What is radon?
Radon is an odourless, radioactive gas formed from the breakdown of uranium. It has no odour, colour or taste.
Exposure to high levels of radium over a lifetime results in an increased risk of developing lung cancer, especially if the person who is exposed is a smoker.
Radon is found naturally in the environment and is common in New Brunswick. It moves freely through the soil and can seep into buildings through cracks in foundation walls and floors or gaps around pipes and cables.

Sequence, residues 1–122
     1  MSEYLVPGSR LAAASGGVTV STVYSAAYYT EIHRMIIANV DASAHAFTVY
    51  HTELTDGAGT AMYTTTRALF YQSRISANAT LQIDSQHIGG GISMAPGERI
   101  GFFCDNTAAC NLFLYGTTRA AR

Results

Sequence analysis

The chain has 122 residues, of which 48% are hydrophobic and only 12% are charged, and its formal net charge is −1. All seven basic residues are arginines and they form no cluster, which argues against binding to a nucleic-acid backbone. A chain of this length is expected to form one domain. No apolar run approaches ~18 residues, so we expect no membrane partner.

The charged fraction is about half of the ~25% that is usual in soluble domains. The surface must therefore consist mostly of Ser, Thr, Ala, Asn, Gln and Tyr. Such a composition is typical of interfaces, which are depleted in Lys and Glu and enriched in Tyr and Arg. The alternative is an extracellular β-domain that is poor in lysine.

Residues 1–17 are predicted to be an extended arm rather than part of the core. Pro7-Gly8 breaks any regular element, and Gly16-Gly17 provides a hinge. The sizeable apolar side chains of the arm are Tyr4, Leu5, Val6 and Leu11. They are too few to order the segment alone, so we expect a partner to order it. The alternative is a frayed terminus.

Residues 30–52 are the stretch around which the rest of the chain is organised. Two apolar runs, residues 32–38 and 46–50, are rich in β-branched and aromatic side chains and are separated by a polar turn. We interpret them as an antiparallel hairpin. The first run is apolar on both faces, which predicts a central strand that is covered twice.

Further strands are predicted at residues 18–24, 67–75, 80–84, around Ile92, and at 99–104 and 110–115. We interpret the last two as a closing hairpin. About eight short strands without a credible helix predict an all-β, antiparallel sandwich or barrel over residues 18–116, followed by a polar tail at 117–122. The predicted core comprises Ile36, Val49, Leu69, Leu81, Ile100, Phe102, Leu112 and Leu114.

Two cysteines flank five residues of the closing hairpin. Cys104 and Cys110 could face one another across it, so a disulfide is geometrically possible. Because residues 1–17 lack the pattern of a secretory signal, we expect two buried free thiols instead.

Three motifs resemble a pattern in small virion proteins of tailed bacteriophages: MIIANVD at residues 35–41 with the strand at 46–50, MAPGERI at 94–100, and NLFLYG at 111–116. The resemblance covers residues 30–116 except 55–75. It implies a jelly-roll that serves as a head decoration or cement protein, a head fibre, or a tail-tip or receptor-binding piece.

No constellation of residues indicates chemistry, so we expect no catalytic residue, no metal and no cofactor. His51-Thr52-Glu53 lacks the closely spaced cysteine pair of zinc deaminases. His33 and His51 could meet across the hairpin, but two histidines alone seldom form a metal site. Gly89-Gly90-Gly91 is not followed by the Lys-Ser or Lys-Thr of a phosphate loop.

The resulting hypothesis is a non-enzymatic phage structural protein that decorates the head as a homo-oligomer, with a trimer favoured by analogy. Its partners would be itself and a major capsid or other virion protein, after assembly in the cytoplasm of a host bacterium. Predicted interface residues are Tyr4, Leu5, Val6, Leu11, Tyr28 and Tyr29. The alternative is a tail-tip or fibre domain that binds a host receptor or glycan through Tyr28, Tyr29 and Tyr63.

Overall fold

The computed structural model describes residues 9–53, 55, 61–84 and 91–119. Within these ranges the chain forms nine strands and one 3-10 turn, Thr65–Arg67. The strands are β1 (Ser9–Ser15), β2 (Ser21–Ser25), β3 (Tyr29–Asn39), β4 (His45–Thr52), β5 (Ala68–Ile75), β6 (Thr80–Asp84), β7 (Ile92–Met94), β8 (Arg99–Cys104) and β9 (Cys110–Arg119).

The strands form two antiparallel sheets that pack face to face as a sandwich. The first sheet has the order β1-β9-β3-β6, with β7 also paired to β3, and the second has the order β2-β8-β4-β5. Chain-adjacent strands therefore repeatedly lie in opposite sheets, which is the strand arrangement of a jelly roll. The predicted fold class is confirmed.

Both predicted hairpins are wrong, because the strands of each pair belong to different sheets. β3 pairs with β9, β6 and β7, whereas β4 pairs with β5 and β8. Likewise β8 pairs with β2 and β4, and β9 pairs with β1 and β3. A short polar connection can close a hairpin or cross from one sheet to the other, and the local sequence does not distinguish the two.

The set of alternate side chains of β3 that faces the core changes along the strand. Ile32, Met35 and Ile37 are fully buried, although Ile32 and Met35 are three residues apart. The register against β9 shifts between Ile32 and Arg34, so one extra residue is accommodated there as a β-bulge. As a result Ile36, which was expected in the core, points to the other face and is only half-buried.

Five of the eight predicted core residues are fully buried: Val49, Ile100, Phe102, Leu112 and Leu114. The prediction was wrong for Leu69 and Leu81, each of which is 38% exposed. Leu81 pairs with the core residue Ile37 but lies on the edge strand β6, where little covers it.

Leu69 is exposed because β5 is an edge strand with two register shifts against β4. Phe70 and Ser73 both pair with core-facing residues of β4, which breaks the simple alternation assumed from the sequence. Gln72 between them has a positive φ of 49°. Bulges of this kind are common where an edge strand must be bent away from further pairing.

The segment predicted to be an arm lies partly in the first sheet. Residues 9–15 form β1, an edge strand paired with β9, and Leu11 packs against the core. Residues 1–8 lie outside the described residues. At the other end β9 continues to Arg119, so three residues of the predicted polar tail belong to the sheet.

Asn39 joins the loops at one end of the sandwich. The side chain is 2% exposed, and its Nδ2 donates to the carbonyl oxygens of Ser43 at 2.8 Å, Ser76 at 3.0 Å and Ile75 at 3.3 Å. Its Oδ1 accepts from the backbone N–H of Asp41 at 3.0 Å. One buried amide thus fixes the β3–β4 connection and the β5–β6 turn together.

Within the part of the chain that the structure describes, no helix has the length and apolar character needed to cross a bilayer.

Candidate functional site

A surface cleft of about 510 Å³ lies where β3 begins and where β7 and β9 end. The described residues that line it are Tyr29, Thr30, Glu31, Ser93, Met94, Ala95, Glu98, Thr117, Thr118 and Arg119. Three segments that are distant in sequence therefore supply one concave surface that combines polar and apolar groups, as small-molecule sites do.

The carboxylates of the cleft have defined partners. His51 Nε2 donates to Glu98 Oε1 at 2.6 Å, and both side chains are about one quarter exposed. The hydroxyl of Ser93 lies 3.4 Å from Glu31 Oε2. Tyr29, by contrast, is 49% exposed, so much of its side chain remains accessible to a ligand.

In a poorly ventilated space, radon can accumulate to high levels and can be addressed by improving a building’s ventilation and closing entry points.
The current Canadian guideline for radon in indoor air for dwellings is 200 Becquerels per cubic metre (200 Bq/m3). Please refer to the frequency asked questions or links provided for more information on the radon.